One central concern is that the Core reduces how much literature English teachers can teach. Because of its emphasis on analysis of information and reasoning, the Core requires that 50 percent of all reading assignments in elementary schools consist of nonfiction texts, growing to 70 percent by grade 12. That requirement has sparked outrage that masterpieces by Shakespeare or Steinbeck are being dropped for informational texts like "Recommended Levels of Insulation," by the Environmental Protection Agency. "I'm struggling with this, and my students are struggling," middle-school teacher Jamie Highfill told The Washington Post. There is also widespread frustration over the Core's demand that students explain their mathematical computations, not just perform them. Then, of course, there are the political attacks against the Core.

From the left, or right?
From all sides. Tea Partiers view the project as an ominous Big Government attempt to take over local schools and indoctrinate their children with a liberal, anti-Christian worldview. Radio host Glenn Beck, for example, calls the Core "leftist indoctrination," adding, "They are breeding an entire new generation of slaves." Liberal critics say the Core will worsen America's rigid, standardized-testing culture, and argue that the standards will be used to scapegoat teachers in poorly funded public schools. In reality, the standards outline the skills required from students, leaving the actual curriculum — the textbooks, the teaching methods — under the control of local districts, schools, and teachers. Nonetheless, the rollout of national testing, due in the 2014–15 school year, will be fraught, says former Assistant Education Secretary Checker Finn. After all, "conservatives hate anything with the word 'national' in it, and liberals hate anything with the word 'test.'"

Are schools ready?
"There'll be a two- or three-year period that won't be very pretty," says Bruce Hunter of the American Association of School Administrators. This year, students in about 100,000 public schools in 41 states will start taking the online tests, which will be graded on a tougher curve than previous tests. Results are likely to be grim; in New York state last year, fewer than a third of students passed early Common Core exams. In the end, says Secretary of Education Arne Duncan, the Core's fiercest enemies won't be anti-federal-government conservatives or pro-teacher-union liberals, but the "white suburban moms who — all of a sudden —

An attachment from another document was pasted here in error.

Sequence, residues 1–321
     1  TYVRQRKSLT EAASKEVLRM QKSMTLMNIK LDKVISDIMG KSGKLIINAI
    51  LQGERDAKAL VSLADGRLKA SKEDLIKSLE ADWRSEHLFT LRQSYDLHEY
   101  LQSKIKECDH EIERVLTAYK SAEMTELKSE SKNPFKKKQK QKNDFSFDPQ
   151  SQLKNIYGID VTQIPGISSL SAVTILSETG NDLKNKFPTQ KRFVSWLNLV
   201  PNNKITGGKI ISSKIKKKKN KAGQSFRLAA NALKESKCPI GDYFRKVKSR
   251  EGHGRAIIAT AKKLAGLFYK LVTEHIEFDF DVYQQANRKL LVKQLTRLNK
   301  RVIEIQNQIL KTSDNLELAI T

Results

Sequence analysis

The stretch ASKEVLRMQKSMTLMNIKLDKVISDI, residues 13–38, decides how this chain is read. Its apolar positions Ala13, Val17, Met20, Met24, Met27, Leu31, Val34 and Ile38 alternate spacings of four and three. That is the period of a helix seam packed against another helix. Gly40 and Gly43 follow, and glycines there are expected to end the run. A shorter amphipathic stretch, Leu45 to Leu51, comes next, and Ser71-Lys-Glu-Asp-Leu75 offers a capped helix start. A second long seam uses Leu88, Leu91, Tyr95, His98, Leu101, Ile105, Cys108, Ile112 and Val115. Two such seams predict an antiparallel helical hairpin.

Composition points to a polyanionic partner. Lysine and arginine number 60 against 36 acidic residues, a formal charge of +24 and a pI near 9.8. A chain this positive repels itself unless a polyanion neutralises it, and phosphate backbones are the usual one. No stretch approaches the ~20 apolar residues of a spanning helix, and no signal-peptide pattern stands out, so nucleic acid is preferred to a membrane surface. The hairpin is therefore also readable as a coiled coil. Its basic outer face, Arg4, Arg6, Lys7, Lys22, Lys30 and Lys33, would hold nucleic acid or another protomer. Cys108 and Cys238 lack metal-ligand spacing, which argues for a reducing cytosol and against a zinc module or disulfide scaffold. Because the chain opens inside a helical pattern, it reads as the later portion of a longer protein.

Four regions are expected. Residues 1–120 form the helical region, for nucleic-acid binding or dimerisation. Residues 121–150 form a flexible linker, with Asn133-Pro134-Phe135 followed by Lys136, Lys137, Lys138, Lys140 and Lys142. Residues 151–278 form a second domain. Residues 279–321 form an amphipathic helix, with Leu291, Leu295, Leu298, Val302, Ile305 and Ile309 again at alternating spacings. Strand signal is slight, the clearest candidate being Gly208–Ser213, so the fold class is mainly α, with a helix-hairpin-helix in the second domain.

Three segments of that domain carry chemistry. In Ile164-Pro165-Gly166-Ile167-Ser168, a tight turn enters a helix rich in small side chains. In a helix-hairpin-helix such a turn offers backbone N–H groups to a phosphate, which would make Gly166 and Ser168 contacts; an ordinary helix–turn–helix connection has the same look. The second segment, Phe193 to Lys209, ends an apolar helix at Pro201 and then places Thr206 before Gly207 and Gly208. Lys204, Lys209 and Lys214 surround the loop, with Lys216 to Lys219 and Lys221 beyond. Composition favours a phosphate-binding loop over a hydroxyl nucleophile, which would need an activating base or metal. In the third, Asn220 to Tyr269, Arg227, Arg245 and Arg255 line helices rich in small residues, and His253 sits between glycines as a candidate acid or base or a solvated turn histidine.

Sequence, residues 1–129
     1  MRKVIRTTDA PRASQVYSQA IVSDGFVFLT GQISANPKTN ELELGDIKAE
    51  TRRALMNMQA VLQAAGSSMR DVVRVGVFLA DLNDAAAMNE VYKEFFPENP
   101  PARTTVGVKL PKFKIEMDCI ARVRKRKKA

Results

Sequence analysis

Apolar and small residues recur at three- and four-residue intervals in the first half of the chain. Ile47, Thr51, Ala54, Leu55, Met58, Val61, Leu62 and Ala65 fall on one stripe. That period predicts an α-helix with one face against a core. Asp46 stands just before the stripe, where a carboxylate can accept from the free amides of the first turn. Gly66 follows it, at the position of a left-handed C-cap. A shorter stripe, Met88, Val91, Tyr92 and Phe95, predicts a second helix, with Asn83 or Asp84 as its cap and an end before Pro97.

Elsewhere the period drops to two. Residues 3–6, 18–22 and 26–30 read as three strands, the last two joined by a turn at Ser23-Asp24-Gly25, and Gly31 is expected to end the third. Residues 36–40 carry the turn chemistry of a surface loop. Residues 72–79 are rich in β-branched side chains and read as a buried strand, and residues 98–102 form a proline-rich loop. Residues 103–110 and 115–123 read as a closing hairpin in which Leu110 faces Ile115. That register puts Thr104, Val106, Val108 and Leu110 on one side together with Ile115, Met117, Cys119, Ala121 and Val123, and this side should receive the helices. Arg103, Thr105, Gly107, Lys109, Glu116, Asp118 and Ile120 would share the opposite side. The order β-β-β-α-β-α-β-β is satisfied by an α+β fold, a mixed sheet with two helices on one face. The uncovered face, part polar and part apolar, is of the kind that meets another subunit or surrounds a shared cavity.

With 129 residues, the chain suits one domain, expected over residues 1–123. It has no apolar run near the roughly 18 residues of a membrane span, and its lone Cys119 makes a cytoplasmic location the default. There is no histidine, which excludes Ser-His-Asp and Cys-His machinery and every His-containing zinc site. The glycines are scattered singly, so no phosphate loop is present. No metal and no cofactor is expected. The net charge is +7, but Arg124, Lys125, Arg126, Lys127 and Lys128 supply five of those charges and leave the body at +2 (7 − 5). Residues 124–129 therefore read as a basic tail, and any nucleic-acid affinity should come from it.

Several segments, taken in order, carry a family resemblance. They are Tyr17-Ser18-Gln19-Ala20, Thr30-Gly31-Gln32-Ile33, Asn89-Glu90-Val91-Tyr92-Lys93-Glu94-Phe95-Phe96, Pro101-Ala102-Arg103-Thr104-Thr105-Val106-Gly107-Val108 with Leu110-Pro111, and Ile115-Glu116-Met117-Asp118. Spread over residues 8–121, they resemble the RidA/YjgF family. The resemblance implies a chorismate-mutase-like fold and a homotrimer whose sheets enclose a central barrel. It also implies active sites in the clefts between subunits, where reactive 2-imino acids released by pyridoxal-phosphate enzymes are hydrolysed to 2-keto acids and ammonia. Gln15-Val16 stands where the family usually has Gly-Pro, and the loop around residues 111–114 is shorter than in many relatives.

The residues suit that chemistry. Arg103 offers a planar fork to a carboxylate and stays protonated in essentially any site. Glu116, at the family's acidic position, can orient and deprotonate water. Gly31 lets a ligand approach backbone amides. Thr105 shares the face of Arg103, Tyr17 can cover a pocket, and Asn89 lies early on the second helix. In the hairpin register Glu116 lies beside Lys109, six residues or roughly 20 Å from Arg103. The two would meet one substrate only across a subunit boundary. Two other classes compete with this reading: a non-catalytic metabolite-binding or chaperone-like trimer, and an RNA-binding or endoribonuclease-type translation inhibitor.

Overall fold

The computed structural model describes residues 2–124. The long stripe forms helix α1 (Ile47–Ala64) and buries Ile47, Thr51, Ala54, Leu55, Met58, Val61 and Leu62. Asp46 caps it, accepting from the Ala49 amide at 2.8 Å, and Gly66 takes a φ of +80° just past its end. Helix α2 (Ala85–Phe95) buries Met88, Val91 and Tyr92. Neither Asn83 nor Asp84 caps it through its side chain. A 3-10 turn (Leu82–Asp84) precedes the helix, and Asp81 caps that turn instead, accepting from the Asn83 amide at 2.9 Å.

[discover] their child isn't as brilliant as they thought they were."

The Core's 'fuzzy math'
Under the Common Core, the emphasis in math classes is not just on getting the right answer, but on understanding the reasoning behind it. That conceptual approach, known as "fuzzy math," has sparked a number of viral blog posts from frustrated parents uploading pictures of the often absurdly complicated math problems their kids are now asked to solve. In one such example, pupils are asked: "Use number bonds to help you skip-count by seven by making 10 or adding to the ones, e.g., 7 + 7 = 10 + 4 = ?" Pre-Core, that question might have been: "7 + 7 = ?" Another problem asks students to answer "2 + 3 = ?" and then "write the double fact that helped you solve the double plus 1." This approach has left parents who try to help their kids do their math homework completely flummoxed. "I have a Bachelor of Science Degree in Electronics Engineering," wrote one parent, and "even I cannot explain the Common Core Mathematics approach."